Nicole Dunn is the CEO of Dunn Pellier Media, Inc; PR for the fitness, health and wellness sector.
Decades prior to the pandemic, work-life balance was similar for nearly everyone who worked in an office environment. People worked from 9 a.m. to 5 p.m., Monday through Friday, doing most of their “life” after work and on weekends. Obviously, the pandemic forced many employees out of the office into a hybrid or even fully remote working scenario, and this shifted office routines to a new paradigm. The modern workforce has lost its grip on the traditional balance, mixing work with private life more than ever.
The truth is that there is no one-size-fits-all approach when it comes to work-life balance. But most leaders don’t spend enough time thinking of ways to balance employees in their happiness, engagement and productivity. Professional burnout is a huge problem and has led to many employees quitting to create a healthier work-life balance. To understand the extent of professional burnout, 50 million people have quit their jobs since 2021. That’s a huge number of people who were fed up and lacked the flexibility in their work. They don’t demand blurry lines anymore.
Which jobs have the best work-life balance?
Work-life balance can be found in all sectors. According to data from the Bureau of Labor Statistics, careers where personal well-being, flexibility and work-life balance go hand in hand are, for example, software or web developers, doctor’s assistants, dentists, fitness instructors, consultants, accountants and real estate agents.
Among the jobs with the best work-life balance, there are a few similarities I’ve seen. Most of these positions allow for a flexible schedule and are usually work that is more rewarding than just a salary. In addition, they are jobs where you have a certain amount of choice in what work you want to do instead of everything being determined by someone else. They are also usually jobs with built-in flexibility in the work environment, giving you the freedom to work from the comfort of home, in a connecting hybrid space, or even when traveling.
How do I offer my employees a better work-life balance?
An important aspect of work-life balance that you as an employer may have control over is being candid about the corporate culture and flexibility your company offers. Most now offer completely remote positions or a hybrid scenario, while providing self-care benefits such as employee wellness days, summer vacations and even incorporating workspaces where teams meet once a year in a vacation-like environment to bond. and connect.
Offering flexibility to employees who prefer to work outside the standard 9-to-5 structure also makes more sense for parents who need to pick up their kids early in the afternoon or for a team member who feels most productive when they work in the evenings rather than mornings. You can also provide an extra layer of flexibility by allocating a few extra vacation days (or mental health days) to your HR plan. This gives employees more room to adapt when other areas of life, outside of work, need more attention than usual.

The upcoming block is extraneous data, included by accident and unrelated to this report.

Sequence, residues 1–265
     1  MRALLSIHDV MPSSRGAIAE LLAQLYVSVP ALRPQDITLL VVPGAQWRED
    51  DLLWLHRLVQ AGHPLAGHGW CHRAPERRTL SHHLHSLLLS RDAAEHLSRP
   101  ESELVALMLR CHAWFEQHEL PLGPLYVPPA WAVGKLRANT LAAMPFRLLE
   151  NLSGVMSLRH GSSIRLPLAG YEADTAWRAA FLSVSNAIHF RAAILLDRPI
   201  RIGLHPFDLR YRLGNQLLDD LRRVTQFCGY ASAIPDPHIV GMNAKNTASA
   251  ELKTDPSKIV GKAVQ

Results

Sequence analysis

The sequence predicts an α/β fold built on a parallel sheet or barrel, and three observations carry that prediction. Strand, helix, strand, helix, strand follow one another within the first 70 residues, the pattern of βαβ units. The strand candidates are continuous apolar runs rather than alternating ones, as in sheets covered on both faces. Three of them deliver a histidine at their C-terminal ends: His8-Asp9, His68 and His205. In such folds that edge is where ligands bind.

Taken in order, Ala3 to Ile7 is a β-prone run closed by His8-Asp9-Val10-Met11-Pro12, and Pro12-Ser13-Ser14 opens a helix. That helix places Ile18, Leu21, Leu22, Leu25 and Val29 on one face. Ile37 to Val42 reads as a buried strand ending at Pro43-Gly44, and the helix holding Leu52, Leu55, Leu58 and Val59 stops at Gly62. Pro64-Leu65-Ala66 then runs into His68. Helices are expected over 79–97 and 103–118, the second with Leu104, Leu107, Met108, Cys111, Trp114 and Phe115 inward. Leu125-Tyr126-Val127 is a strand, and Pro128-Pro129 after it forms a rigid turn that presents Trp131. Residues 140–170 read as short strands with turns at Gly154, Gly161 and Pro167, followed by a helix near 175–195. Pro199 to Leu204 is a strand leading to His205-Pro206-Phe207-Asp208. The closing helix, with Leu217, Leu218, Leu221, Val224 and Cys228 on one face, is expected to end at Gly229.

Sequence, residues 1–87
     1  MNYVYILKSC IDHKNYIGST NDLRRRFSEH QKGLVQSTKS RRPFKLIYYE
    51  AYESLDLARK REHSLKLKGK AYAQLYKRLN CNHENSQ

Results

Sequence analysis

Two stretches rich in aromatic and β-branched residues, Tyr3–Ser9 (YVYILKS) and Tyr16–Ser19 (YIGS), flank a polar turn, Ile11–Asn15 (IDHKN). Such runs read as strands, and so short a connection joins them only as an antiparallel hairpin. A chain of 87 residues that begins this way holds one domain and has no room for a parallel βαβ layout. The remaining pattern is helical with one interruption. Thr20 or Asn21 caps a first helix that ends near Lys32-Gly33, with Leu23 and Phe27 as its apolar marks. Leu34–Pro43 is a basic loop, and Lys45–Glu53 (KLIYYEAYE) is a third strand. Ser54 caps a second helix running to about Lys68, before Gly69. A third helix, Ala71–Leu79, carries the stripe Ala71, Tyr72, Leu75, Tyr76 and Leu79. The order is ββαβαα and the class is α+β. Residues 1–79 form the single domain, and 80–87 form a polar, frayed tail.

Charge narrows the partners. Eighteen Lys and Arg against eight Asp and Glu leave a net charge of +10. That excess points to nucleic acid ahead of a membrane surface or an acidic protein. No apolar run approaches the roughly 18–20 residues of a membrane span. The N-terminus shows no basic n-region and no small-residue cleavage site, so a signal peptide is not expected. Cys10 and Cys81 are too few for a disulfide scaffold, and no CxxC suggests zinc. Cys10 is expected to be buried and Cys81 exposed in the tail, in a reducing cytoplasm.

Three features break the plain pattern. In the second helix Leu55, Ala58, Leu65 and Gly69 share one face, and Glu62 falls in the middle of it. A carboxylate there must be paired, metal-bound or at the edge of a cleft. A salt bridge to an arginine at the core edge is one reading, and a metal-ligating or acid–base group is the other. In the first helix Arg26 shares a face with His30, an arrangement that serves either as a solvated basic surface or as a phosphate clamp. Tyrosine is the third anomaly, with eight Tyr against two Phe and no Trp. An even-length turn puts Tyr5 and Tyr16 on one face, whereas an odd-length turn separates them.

As an employee, how do I ask about work-life balance during a job interview?
There are a few key things you can ask about to get a sense of the work-life balance a position or company can provide. Ask about how much flexibility employees have in both scheduling and environment. In addition, ask what the company is doing to support the well-being of its employees.
It may feel intimidating to ask these questions in an interview for a job you’re excited about, but remember that you’re interviewing them too. If the company offers some degree of flexibility to employees or has programs and processes to support the mental and physical health of their team, they’ll be excited to talk about it in an interview. And if they don’t offer flexibility or wellness support, you’ll want to factor that into your decision to move forward with the business. There is nothing to lose in gathering more information.
How do I achieve a work-life balance for myself?
Creating and maintaining a strong sense of work-life balance is all about healthy boundaries between work and the rest of your life. Work is only part of the mosaic of our lives. From relationships to wellness to our homes and recreation, so many things to put energy into to find that balance.
Keep an eye on your personal limits and make sure to set aside time for breaks during the workday. I recommend taking a five to fifteen minute break to take a walk around the block, enjoy a healthy snack, connect with a friend, or give your pet some ear scratches. This will help you be more aware of what you need to do to live up to what is expected of your role, while also taking some “me-time”.
Americans work in a new way and the US job market shows that the trend of more balance within a job is now a top priority. Many people realize that the old way of working doesn’t work for everyone. Employers can benefit from having employees create schedules that are less rigid and take that balance into account. But work-life balance looks different for everyone. So now you get the question: what does it look like for me?